Indo-Japan collaboration in defense manufacturing and in enhancing defense equipment will boost the Japanese economy and help India become more ‘Atmanirbhar’ (Self-reliant). Both nations expressed their desire to collaborate extensively in unmanned ground vehicles and robotics and identify such areas of future cooperation in defense technology.  In the recently held India-Japan Defense Industry dialogue, the two nations discussed the collaboration between the Acquisition, Technology and Logistics Agency (ATLA)—the research development arm of the Japan Self-Defense Forces (SDF), and the Defense Research and Development Organization (DRDO) of the Indian Defense Ministry, in areas of robotics projects, underwater communication, and underwater wireless power transmission amongst others. The Defense Ministry Officer further outlined a wide range of high-tech defense systems for air, land, sea, and space applications that would interest Japanese industries.

Ministers of India and Japan highlighted achieving the free and open Indo-Pacific goal, focusing on inclusiveness and rule of law free from coercion. The Ministers also reiterated their support for ‘ASEAN’S Centrality’ in the Indo-Pacific. Moreover, India and Japan also discussed ways to enhance maritime cooperation by focusing on Maritime Domain Awareness (MDA).

The Ukraine crisis and tensions across the Taiwan Strait have prompted Japan to reconsider its security policies. Japan will revise its National Security and Defense Strategies by the end of this year to build new military capabilities. Japanese prime minister Fumio Kishida expressed interest in a ‘new realism diplomacy’ at the annual Shangri-La Dialogue in June. He suggested Japan work on its security challenges through pragmatism and enhance its military and defense capabilities. As a result, China has accused Japan of going against its traditional pacifist path of the constitution.

India-Japan defense relations have witnessed remarkable progress over more than a decade as their ties have been dominated by several military exercises, defense exports, and regular dialogues. A new dynamic in their defense ties is that of joint research on advanced technologies and systems development, which would also impact Indo-Pacific security. India is Japan’s closest security partner after its alliance partner, the United States. Therefore, the India-Japan partnership is significant and will play a vital role in the Indo-Pacific region due to the challenges posed by China’s rising power. For India, Japan is a strong and potential supplier of advanced technologies, and for Japan, India is an answer to its arms shortage.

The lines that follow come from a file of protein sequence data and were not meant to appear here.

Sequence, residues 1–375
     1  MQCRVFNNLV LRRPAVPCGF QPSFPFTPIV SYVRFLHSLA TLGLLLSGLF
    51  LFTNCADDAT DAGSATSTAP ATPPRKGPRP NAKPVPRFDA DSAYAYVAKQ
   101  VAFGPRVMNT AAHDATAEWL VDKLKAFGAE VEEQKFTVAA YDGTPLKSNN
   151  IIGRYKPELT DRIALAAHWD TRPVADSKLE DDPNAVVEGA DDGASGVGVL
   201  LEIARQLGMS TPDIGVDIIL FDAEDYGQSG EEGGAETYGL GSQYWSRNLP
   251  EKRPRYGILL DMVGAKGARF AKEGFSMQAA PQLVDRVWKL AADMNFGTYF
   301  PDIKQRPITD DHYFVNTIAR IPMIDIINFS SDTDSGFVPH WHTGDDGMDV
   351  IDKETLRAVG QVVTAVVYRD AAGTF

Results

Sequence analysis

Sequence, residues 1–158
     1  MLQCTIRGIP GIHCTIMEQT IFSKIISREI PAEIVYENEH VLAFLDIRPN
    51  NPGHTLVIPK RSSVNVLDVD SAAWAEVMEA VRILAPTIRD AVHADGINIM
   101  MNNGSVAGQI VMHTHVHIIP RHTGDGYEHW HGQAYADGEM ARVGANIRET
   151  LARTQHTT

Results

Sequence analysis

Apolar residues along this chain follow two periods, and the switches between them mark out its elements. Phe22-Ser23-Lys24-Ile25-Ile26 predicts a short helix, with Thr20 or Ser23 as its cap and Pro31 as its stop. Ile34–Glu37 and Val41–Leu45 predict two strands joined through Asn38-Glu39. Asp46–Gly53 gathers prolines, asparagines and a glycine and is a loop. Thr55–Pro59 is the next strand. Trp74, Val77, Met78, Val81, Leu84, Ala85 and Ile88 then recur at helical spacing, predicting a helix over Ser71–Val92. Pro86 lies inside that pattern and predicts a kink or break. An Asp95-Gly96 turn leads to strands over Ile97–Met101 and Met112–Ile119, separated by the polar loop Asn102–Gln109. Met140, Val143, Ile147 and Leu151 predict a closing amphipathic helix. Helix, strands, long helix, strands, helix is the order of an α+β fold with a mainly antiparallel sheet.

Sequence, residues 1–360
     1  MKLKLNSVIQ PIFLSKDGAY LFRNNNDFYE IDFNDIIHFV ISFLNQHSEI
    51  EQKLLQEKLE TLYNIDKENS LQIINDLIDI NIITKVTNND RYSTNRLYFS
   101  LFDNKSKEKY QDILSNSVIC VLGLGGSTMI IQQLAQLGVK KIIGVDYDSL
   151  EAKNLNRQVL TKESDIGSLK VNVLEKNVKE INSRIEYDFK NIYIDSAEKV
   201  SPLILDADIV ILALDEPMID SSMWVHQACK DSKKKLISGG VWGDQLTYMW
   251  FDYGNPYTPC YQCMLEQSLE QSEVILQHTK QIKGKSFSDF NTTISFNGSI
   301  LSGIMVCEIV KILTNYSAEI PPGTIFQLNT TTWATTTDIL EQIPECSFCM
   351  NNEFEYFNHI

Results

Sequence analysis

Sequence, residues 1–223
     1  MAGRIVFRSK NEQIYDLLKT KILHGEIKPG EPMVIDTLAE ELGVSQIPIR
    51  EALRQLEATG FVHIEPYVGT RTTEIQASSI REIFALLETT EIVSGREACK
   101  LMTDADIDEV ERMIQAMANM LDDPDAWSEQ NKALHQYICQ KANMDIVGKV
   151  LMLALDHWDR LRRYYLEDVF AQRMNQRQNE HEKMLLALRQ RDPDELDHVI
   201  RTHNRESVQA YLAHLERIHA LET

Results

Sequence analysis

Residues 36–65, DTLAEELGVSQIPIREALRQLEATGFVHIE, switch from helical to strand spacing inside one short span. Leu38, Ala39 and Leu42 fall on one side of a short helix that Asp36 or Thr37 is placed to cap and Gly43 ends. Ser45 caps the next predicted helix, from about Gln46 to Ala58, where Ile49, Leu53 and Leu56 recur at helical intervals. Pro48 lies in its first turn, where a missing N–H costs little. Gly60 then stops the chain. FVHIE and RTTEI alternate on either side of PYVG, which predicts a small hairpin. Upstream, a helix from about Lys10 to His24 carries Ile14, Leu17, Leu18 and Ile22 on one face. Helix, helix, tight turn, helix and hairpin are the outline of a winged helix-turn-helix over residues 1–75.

China remains a critical factor in promoting India-Japan defense relations as evidenced by the fact that there is no bilateral defense cooperation as extensive as that between the two in the Indo-Pacific. India-Japan ties have witnessed shared values of democracy and the rule of law. Strategic aspects of their relationship have recently gained a new momentum reflected in bilateral and multilateral engagements such as the Quad and other trilateral initiatives involving India and Japan, for instance, India-Japan-US. There have also been other potential trilateral initiatives within India and Japan, like India-Japan-Italy and India-Japan-Russia, to mention a few. China has been expanding its territorial needs aggressively over the last few years, provoking a response from nations like Japan in the East China Sea and India on the India-China border. Therefore, considering Chinese aggression, India and Japan need to collaborate to forge their strategic and defense cooperation.

This year also marks seventy years of India-Japan diplomatic relations, and both nations have deepened their cooperation in every sphere, from economic and cultural to defense and diplomatic. India’s defense cooperation with Japan is crucial to ensure a free, open space and a rules-based Indo-Pacific region. It also remains to be seen how the conduct of the inaugural fighter exercise between the air forces of India and Japan will pave the way for greater defense cooperation between the two countries.

Simran Walia is a Research Associate at the Centre for Air Power Studies, New Delhi and has pursued M.Phil in Japanese Studies under the Centre of East Asian Studies from Jawaharlal Nehru University, Delhi. She has also worked at Observer Research Foundation, Delhi. Her research interests include Japanese politics and foreign policy, and Indo-Pacific and East Asian foreign policy too. She has published articles and papers in magazines and journals like, The Diplomat, Indian Defence Review, Global Policy Journal, 9DashLine among others.

Image: Reuters.